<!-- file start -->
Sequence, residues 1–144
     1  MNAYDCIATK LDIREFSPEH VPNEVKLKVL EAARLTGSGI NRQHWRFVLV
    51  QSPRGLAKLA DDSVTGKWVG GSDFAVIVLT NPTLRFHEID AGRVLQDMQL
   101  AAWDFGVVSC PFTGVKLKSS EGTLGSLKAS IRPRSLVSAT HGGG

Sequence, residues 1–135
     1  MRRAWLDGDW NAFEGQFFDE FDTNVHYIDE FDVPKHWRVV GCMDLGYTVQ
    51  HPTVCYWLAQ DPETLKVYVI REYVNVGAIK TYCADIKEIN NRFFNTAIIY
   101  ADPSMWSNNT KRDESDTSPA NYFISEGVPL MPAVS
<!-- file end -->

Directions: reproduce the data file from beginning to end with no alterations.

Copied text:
Sequence, residues 1–144
     1  MNAYDCIATK LDIREFSPEH VPNEVKLKVL EAARLTGSGI NRQHWRFVLV
    51  QSPRGLAKLA DDSVTGKWVG GSDFAVIVLT NPTLRFHEID AGRVLQDMQL
   101  AAWDFGVVSC PFTGVKLKSS EGTLGSLKAS IRPRSLVSAT HGGG

Sequence, residues 1–135
     1  MRRAWLDGDW NAFEGQFFDE FDTNVHYIDE FDVPKHWRVV GCMDLGYTVQ
    51  HPTVCYWLAQ DPETLKVYVI REYVNVGAIK TYCADIKEIN NRFFNTAIIY
   101  ADPSMWSNNT KRDESDTSPA NYFISEGVPL MPAVS